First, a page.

Wednesday, May 25, 2016

144. COSTS - Fixed & Variable

Fixed costs, as its name suggests, is fixed in total i.e. irrespective of the number of output produced – for example the rent on a factory paid in advance. Fixed costs can become variable over the long term.

Variable costs, varies with the number of output produced. For example the electricity used to produce items or materials used.( difference-between-fixed-cost-and-variable-cost.html)

Tuesday, May 24, 2016

143. A previous exam question Eco 1A

A) The red meat indutry ebark on a massive advertising campaign. Indicate how this will affect the market demand for red meat?

Advertising increases (or hopes to increase) the number of customers. The demand curve will thus move to the right which will signify an increase in demand.

B) What will happen to the supply and demand of red meat and chicken if there is a drought that severely reduces the supply of red meat on the market?

A decrease in the supply of red-meat will cause a decrease in the SUPPLY of red meat - a shift of the supply curve to the left - and since chicken is a substitute (can be used instead of red meat) it will lead an INCREASE in the demand for chicken. a shift of the demand curve to the right.

If you draw the supply and demand curves it means there will be a shift to the left in the SUPPLY of red meat on the one graph – the red meat market (which means an increase in PRICE of red meat; and because it is so expensive less people will purchase it. Because chicken is a substitute more people will enter the chicken market – this is shown in the market for chicken graph as a shift to the right of the demand curve – which will lead to an increase in chicken prices AND an increase in the quantity of chicken traded.

Now in Q 3.3 it says that the red meat guys reduce the price – so you are right: “On question 3.3. am I correct in saying that the decrease in red-meat PRICE (substitute for chicken) will cause an INCREASE in the QUANTITY demanded in red meat (a movement along the demand curve) and a decrease in the demand (a shift to the left of the demand curve) for chicken?”

So yes you are right – make sure that you understand movements along a curve because of price changes and shifts of the curve because of changes in the price of compliments and substitutes !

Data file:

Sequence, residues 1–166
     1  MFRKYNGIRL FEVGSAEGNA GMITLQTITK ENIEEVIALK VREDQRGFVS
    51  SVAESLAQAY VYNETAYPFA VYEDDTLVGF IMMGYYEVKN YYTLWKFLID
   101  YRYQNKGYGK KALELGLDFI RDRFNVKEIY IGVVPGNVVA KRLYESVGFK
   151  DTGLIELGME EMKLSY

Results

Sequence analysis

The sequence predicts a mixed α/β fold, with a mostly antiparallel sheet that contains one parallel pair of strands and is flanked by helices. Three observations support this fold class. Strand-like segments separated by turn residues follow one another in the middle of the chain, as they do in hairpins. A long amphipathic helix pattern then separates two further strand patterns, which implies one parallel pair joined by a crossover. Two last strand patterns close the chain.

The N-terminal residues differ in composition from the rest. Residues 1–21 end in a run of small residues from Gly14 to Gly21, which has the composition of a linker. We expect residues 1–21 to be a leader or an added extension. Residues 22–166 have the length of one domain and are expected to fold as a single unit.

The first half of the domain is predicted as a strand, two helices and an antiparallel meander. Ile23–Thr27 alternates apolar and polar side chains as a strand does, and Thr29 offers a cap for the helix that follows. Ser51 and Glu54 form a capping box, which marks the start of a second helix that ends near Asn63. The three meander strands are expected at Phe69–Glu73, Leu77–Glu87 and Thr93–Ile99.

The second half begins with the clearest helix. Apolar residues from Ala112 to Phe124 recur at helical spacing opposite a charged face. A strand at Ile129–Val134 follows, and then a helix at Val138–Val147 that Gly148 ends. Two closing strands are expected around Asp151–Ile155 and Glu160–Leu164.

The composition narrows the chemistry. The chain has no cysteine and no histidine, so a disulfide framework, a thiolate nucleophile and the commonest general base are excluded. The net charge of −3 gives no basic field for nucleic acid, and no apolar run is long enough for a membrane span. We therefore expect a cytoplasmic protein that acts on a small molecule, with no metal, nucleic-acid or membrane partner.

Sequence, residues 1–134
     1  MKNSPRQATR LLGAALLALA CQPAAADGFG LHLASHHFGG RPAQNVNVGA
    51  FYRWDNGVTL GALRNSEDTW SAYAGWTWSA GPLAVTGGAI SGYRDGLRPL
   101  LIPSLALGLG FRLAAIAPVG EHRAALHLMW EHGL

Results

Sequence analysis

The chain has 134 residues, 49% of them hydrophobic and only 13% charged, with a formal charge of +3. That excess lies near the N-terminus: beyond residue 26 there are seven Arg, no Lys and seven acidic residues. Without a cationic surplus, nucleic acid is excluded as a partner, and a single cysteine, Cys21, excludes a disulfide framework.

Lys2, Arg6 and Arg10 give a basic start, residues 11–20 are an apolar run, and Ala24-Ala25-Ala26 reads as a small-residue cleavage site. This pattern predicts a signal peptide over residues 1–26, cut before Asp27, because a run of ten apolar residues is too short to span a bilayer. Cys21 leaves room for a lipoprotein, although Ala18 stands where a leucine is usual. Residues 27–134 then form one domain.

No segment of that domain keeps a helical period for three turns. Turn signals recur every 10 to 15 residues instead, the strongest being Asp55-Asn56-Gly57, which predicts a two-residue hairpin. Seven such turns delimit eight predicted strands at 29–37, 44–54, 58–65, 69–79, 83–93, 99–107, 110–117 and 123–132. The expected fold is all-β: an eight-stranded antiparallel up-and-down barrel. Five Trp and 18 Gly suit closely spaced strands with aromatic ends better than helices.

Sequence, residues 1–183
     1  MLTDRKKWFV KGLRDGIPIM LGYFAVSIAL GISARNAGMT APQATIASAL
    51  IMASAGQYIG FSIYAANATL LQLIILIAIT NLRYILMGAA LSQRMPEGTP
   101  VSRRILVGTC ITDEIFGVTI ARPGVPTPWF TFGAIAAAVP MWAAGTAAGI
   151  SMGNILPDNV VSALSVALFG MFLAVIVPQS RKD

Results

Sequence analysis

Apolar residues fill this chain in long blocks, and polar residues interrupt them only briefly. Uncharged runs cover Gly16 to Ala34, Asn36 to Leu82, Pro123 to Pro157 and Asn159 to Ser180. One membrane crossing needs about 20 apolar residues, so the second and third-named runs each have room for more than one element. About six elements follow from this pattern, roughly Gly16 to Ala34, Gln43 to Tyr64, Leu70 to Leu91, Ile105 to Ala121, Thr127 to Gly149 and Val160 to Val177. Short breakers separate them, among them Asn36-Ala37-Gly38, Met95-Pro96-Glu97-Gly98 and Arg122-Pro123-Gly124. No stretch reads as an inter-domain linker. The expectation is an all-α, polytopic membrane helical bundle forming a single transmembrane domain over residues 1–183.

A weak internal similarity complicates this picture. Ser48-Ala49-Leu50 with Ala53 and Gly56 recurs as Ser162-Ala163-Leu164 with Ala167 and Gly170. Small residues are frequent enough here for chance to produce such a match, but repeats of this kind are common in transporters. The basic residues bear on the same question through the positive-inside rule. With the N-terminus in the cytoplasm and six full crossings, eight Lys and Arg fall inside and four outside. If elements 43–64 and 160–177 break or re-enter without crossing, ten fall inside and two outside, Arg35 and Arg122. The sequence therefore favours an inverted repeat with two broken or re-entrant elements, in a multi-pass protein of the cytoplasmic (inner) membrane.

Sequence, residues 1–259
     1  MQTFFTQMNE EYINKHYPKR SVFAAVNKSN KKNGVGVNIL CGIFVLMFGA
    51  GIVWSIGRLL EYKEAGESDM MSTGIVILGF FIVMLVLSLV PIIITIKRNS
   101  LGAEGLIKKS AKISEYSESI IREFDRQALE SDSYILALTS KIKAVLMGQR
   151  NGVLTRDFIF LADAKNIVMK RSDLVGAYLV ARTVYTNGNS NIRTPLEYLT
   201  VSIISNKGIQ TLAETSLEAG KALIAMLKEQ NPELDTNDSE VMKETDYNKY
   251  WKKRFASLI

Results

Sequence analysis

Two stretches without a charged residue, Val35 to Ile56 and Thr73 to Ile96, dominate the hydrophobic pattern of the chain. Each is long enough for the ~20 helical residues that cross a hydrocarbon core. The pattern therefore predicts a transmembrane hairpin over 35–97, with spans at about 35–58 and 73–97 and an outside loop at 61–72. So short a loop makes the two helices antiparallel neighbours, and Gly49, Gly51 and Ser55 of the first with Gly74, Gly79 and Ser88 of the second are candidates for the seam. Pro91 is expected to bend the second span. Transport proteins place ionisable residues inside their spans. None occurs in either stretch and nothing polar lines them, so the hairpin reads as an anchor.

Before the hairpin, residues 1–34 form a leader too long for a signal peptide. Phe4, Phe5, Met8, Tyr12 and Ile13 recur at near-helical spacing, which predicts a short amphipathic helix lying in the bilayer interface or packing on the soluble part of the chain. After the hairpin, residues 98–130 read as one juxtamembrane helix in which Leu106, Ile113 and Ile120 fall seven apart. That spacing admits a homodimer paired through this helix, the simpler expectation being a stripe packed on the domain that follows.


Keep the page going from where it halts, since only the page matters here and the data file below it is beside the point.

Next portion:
Sunday, May 22, 2016

142. 22 May 2016 - Previous exam papers eco 1A

Follow this link. So far I only have the one that I handed out in class, but will add the others on 23/5/2016

Thursday, May 19, 2016

141. When was it illegal to own gold in the United States and why ?


The United States Gold Reserve Act of January 30, 1934 required that all gold and gold certificates held by the Federal Reserve be surrendered and vested in the sole title of the United States Department of the Treasury.[1][2] The Gold Reserve Act outlawed most private possession of gold, forcing individuals to sell it to the Treasury, after which it was stored in United States Bullion Depository at Fort Knox and other locations. The act also changed the nominal price of gold from $20.67 per troy ounce to $35. This price change incentivized foreign investors to export their gold to the United States, while simultaneously devaluing the U.S. dollar in an attempt to spark inflation. The increase in gold reserves due to the price change as well as the confiscation clause resulted in a large accumulation of gold in the Federal Reserve and U.S. Treasury. The increase in the money supply lowered real interest rates which increased investment in durable goods. A year earlier, in 1933, Executive Order 6102 had made it a criminal offense for U.S. citizens to own or trade gold anywhere in the world, with exceptions for some jewelry and collector's coins. These prohibitions were relaxed starting in 1964 – gold certificates were again allowed for private investors on April 24, 1964, although the obligation to pay the certificate holder on demand in gold specie would not be honored. By 1975 Americans could again freely own and trade gold.

Saturday, May 14, 2016

140. Signaling (not part of the Mancosa 1a course)

Tuesday, May 10, 2016

139. The Supply Curve of the Firm